But hey, the people are still really, really pretty. And the not-quite Spartacus gladiator scenes are sort of the equivalent of saying, "I love a fine boiled lobster served with garlic mashed potatoes in a five-star restaurant but can also enjoy Long John Silver's deep fried cod and basic french fries." This movie isn't better than it could have been, but it's as good as it should have been for being, you know, a mid-big budget PG-13 historical action romp about a volcano.




High Points
Considering the bulk of IMDB's trivia section focuses on it, I don't see why I shouldn't: Kit Harington is typically weighed down by furs and Night's Watch robes on Game of Thrones, so while it may sound crass and shallow to compliment his inhuman 12-pack of a stomach, Pompeii's lingering camera gaze practically begs anyone watching with eyes to say, "wow, that dude really worked out for this movie."


Low Points
It seems like there should be an edict against casting Jared Harris and Carrie-Anne Moss and not giving either anything interesting to do





Lessons Learned
It is shockingly possible to pick a lock with a splinter while chained to a carriage going at least 35 MPH



A man who cries is a man who cannot haggle

Ravenousing (i.e., acting dead when mistakenly tossed in a giant pile of corpses and waiting hours to emerge) is a time honored tactic for surviving massacres





Rent/Bury/Buy
Look, Pompeii isn't a good film, but it's fun and knows exactly what its audience wants. The DVD includes a bevvy of deleted scenes, so a cheap or rented copy won't bore you too badly.


Plus, this:


Monday, November 7, 2016

When the Spelling of Your Title Is the Most Interesting Thing About Your Movie



One can never judge a straight-to-streaming horror film by its cover, but that certainly doesn't stop many a viewer from watching one because it has a good one.

Then you watch it, and remember the adage goes two ways.

Quick Plot: Jo is in a bit of a slump, having lost her track scholarship due to an injury and her faith in her boyfriend after learning that he cheated on her. Now, she spends most of her time arguing with her parents, running, or not paying attention to the two little boys she babysits.


One afternoon, Jo notices Elliot, the younger of her charges, fleeing the ice cream man in mysterious fear. Considering her wears clown makeup, it's not hard to understand why, although Willie, as he calls himself, takes things a little further with a racist puppet show and some creepy overtones to Jo.


Before you know it--well, after a whole lot of nothing, actually--young Elliot disappears right under Jo's negligent watch. Ben, Jo's ex, is convinced that the same shady ice cream man was last seen in the same fateful late where Elliot's shoes (but not body) were discovered. Could this unbalanced dairy lover be a child-killing, ex-high-school-track-star-stalking murderer?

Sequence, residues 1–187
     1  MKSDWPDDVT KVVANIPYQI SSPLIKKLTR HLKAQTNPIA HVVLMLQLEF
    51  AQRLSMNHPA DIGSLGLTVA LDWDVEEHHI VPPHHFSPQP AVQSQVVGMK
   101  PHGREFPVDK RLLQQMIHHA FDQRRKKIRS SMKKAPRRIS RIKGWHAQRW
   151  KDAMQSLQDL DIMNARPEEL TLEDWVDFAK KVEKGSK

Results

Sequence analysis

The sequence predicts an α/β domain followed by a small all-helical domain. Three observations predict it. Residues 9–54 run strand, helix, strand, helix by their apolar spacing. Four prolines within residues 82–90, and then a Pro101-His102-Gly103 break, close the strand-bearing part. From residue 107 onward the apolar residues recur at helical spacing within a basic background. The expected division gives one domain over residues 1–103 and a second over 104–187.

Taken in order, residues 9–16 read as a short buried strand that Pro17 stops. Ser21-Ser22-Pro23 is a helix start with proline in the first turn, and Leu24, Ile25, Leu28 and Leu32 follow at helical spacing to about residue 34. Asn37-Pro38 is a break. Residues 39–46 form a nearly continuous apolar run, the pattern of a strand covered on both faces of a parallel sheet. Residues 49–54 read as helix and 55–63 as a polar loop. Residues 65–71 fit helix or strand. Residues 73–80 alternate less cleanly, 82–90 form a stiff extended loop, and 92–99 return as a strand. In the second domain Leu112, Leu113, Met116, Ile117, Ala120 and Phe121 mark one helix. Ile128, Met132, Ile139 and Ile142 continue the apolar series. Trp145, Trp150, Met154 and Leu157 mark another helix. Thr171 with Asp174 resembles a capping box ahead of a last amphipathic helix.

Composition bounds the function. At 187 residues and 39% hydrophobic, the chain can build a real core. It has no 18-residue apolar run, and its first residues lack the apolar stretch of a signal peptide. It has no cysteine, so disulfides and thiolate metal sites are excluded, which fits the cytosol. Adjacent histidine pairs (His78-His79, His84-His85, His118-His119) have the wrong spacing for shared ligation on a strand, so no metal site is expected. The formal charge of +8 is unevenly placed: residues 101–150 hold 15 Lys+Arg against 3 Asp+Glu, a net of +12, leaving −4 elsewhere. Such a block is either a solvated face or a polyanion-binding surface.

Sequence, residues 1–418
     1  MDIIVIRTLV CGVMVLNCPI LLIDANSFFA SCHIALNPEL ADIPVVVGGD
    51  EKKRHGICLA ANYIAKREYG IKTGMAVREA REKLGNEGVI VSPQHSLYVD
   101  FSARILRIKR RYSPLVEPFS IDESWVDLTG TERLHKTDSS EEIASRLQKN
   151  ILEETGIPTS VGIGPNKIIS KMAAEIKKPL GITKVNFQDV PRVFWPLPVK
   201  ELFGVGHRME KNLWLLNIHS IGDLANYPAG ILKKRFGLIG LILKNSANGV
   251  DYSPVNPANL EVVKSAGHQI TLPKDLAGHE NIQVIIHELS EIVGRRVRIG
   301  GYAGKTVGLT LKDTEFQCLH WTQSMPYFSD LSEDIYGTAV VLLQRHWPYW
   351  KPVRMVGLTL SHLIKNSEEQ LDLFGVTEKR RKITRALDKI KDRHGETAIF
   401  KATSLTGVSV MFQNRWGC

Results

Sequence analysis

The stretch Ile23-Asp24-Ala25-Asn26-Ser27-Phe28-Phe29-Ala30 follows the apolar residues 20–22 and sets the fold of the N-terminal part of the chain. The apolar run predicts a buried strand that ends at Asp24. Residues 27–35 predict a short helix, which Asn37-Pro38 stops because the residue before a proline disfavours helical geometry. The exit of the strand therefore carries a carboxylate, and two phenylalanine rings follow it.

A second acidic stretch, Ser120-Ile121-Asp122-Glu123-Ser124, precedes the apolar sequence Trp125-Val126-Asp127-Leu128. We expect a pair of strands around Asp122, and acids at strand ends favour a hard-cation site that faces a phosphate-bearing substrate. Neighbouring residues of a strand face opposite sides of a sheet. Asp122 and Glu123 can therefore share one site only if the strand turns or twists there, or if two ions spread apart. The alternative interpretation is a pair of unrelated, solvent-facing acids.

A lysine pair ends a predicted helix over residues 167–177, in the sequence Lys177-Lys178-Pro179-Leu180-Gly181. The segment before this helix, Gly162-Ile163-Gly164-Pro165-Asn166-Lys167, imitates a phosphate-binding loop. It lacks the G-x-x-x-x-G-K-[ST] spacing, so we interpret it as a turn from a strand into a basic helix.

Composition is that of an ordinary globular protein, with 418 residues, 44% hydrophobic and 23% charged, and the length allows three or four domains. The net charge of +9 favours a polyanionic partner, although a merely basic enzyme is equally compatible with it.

Describing Kruel with the above synopsis has probably led you to picture a fairly standard horror movie. In reality, what you get is essentially a Lifetime flick with maybe 8 oz. more blood.

Written and directed by Robert Henderson, Kruel is ultimately more about a young woman dealing with the fallout from being betrayed by her high school sweetheart. A good 70% of this film's running time is spent on Jo trying to work through her feelings and Ben attempting to win her back.

And then there's sorta an obsessive unhinged one quarter clown.



No, it's not good, especially as the horror movie its cover and marketing sells it to be. That aside, if you're looking for a light thriller about, well, dealing with unfaithfulness in relationships, this is a movie and things happen in it.

High Points
The film is shot well. Lead actress Kierney Nelson works hard. It's a movie. Things happen in it.


Low Points
...just not many things of interest

Lessons Learned
Never get kidnapped in short shorts if you're going to be running through the Okefenokee swamp


Being cheated on hurts, but being hunted by a psychotic clown ice cream man is a whole lot worse



If a conversation continues so long that it turns into a montage, it just may give a kidnapper enough time to swipe a child right out from under you




Rent/Bury/Buy
Unless you've recently ended a relationship because you caught your significant other with someone else and you really feel you need to consider what that means, this is not the movie for you.